After Tumultuous Three Years, PUL Preparing for 2022 Season

The league is set to have its first full season since its inaugural one in 2019.

Raleigh Radiance's Lindsay Soo throws a forehand past Gridlock's Lauren Woods at their Premier Ultimate League's 2019 semifinal.
The Radiance’s Lindsay Soo throws past Gridlock’s Lauren Woods in their PUL Championship Semifinal. Photo: Katie Cooper —

After a successful first year, operations came to a screeching halt for the Premier Ultimate League in 2020 due to the COVID-19 pandemic. Continued uncertainty throughout 2021 led to a condensed “season” in the form of three regional Championship weekends. Now, the PUL is gearing up to begin what should be their first normal season since their inaugural one in 2019.

Looking Back at an Unusual 2021

In August 2021, about 26 months after the PUL wrapped up their first season, the league hosted three regional tournaments featuring nine teams. The East tournament in New York, NY, on August 14-15 included DC Shadow, Raleigh Radiance, and New York Gridlock; the International tournament on August 13-15 in Portland, ME, included Austin Torch, Revo Pro, and Portland Rising; and the Midwest tournament on August 28-29 in Milwaukee, WI, included Columbus Pride, Indy Red, and the Milwaukee Monarchs. Three teams – the Atlanta Soul, Minnesota Strike, and Nashville Nightshade – opted not to participate in 2021 but remain in the league..

PUL Executive Committee member Janel Venzant said the Board considered the 2021 season to be a big success. The Championship tournaments bridged the gap between the inaugural season and their next full season in 2022.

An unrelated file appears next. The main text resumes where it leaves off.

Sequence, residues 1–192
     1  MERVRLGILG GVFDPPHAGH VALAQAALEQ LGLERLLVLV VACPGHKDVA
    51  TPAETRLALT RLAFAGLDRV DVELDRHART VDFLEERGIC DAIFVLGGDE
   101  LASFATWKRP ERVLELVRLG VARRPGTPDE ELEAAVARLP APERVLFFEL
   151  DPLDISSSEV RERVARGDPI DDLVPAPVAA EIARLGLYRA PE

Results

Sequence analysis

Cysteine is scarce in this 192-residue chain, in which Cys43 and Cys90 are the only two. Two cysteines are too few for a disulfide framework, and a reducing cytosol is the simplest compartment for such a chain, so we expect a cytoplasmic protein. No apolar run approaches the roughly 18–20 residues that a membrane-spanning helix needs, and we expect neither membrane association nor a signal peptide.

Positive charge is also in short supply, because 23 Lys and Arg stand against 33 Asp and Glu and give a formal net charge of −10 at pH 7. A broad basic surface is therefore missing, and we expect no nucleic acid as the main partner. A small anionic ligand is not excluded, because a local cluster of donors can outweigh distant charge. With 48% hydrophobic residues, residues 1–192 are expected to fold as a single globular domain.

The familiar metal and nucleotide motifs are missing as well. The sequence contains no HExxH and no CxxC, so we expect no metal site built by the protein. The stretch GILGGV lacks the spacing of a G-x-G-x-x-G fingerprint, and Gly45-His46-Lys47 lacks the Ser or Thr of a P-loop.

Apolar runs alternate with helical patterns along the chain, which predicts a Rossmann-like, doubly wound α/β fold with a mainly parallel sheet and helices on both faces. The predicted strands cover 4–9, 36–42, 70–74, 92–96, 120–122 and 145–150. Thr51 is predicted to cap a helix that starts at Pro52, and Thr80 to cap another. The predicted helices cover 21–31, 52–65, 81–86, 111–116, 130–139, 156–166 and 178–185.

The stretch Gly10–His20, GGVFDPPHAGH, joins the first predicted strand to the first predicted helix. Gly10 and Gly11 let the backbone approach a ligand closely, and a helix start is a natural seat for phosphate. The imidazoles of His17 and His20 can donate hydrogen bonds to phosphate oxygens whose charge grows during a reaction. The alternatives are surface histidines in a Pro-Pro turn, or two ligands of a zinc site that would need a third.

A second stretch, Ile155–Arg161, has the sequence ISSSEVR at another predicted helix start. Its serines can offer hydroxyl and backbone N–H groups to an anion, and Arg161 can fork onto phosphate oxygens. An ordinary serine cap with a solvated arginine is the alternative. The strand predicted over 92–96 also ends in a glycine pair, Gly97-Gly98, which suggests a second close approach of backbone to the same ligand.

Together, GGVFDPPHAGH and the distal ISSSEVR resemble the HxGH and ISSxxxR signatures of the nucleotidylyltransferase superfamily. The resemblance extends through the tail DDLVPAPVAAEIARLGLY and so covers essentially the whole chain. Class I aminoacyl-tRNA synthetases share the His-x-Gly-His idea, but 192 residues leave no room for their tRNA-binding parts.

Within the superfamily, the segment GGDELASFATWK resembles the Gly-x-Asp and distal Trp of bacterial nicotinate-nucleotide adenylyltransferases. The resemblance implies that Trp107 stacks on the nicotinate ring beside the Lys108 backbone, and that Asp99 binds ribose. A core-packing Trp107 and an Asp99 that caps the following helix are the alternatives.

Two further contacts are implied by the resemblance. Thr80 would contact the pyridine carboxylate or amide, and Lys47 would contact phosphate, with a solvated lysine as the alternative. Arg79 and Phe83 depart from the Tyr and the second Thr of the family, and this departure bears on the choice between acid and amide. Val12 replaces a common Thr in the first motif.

“Obviously one of the driving factors in hosting that after taking 2020 off because of COVID was re-introducing ourselves, trying to spark more interest and excitement in 2021, but also to ramp up for a full regular season this year,” she said.

Through Continued Financial Questions, PUL Remains Steadfast

Throughout the extended hiatus since the inaugural season, questions about the PUL’s financial situation have been brought to the forefront on social media.

“Everyone is always asking about the PUL’s finances, and if you know anything about start-up sports leagues, even the ones with multi-million dollar wealthy people making donations and owning teams, that sort of thing, they’re still in financial stress for 10 years,” said Venzant. “Some teams post losses of 30 years.”

“It’s expensive to run a sports league; it’s a women’s sports league,” she continued. “We don’t have multimillionaire backers and team owners, and part of that allows us to preserve our mission and our vision and our values around what we have set out to do, but then it creates other limits and how we can attack our financial stress. It’s gonna be here for a while I think, and we have to be accepting of that. Sports leagues are expensive.”